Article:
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Cabin Plumbing: What You Should Know

Cabin Plumbing

Cabin living can be a great way to integrate yourself into the wilderness while retaining some of the comforts of civilization. Cabin designs and amenities can range from luxurious and modern to sparse depending on your personal preference. When it comes to systems like heating, lighting, and plumbing, this variation becomes all the more stark. Dry cabin living, for example, is popular in some regions, such as Alaska, and is characterized by no indoor plumbing or running water. Even with these amenities, however, cabin living can still be decidedly distinct from urban living. Water sources, waste disposal, and water heating may all be more complicated in a cabin and require an understanding of a different approach to plumbing.


Consider Location



The geographic location of the cabin is an important consideration when deciding to plumb a cabin or repairing or assessing existing plumbing. Cabins at high elevations or in regions with severe winter temperatures can experience plumbing problems like frozen or burst pipes. For reasons of practicality, many cabins in these locations lack indoor plumbing. The costs of maintenance of the system and the complications with plumbing that can arise in remote areas can make indoor plumbing more trouble than it is worth–particularly in cabins that lie vacant for most of the year.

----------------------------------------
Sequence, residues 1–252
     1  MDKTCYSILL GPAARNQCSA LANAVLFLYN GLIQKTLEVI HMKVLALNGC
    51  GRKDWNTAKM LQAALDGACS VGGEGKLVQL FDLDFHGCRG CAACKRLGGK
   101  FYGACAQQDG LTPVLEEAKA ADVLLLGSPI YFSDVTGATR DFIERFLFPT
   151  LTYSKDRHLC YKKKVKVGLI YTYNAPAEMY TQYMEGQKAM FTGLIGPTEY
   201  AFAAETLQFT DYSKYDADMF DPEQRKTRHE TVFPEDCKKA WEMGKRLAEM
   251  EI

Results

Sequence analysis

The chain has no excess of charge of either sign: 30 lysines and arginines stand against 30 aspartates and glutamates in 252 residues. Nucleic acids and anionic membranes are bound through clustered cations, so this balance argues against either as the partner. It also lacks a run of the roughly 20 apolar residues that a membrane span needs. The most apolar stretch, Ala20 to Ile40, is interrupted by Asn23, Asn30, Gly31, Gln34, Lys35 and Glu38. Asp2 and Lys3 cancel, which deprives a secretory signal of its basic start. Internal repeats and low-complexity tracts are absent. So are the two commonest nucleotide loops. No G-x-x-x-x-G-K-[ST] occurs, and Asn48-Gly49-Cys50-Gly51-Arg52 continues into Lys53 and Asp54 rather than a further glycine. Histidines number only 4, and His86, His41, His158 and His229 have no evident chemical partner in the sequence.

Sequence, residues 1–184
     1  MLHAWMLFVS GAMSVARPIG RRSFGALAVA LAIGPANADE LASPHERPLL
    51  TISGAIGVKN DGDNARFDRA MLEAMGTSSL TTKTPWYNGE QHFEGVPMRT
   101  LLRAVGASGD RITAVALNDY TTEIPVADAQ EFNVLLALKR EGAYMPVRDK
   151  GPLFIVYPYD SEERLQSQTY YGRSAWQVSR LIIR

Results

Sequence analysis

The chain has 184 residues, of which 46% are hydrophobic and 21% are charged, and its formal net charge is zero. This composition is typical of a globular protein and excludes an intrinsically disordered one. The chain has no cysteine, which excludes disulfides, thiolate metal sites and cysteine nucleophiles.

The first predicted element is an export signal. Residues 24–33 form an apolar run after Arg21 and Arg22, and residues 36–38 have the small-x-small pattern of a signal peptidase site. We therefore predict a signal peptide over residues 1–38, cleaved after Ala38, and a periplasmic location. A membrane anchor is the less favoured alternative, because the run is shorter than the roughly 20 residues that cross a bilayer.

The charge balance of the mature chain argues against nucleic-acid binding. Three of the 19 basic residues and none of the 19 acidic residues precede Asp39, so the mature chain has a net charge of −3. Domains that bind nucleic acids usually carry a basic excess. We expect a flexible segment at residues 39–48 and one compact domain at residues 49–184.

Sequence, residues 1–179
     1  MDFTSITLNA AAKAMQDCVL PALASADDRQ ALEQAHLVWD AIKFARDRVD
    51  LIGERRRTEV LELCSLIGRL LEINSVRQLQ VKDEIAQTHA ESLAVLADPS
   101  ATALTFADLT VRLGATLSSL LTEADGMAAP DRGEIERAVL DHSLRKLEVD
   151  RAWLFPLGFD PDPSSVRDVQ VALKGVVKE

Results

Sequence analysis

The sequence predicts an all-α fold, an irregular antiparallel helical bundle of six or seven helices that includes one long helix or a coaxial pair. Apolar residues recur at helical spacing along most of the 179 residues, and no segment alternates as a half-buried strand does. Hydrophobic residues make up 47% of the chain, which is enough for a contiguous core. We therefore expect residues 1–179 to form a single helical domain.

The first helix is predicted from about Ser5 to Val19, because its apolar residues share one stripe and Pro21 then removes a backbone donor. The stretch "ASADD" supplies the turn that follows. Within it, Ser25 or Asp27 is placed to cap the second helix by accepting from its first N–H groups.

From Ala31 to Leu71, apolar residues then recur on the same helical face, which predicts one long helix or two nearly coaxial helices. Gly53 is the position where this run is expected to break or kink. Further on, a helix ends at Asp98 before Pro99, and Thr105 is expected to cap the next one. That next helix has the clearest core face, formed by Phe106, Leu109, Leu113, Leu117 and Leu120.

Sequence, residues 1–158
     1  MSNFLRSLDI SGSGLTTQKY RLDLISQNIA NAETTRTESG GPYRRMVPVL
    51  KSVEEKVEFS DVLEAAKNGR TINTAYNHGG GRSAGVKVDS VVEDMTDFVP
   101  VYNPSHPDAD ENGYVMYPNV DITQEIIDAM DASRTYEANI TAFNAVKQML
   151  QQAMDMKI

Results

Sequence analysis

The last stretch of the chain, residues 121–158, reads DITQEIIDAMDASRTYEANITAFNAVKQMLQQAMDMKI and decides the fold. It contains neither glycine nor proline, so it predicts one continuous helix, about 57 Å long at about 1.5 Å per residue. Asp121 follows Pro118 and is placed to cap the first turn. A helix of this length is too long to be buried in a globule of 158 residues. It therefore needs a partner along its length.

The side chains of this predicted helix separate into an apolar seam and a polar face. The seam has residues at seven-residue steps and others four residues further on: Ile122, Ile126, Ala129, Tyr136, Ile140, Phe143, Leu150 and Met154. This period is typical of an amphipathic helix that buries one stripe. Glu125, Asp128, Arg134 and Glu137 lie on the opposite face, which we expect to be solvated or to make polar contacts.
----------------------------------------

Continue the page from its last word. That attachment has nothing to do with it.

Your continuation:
If your cabin is only used during the summer months and is located in an area where harsh winter temperatures can freeze pipes, cabin plumbing may not be a good option. The last thing you want to deal with is a flooded or water damaged cabin upon returning after the winter. Even if you spend winters in the cabin, not having to worry about frozen pipes can be a nice reprieve–though be prepared to spend a lot of time collecting and hauling water.


Inspect Pipes and Water Sources


Cabin plumbing is often susceptible to problems from lack of regular use. This obviously depends on how often you frequent the cabin and what condition the cabin is in generally. Older, rustic cabins with outdated or poorly maintained plumbing may break down and require more maintenance than plumbing in other types of newer cabins. Regardless of the age and frequency of use, you should inspect pipes and verify that water sources, such as wells, are in good condition. This may require making a trip to the cabin outside of your usual time period to ensure that plumbing matters are taken care of before you spend a significant amount of time there. One of the primary charms about cabins is that they function as self-sufficient retreats. To ensure that your cabin is the reliable retreat it should be, take care to inspect and repair plumbing before any vacation.

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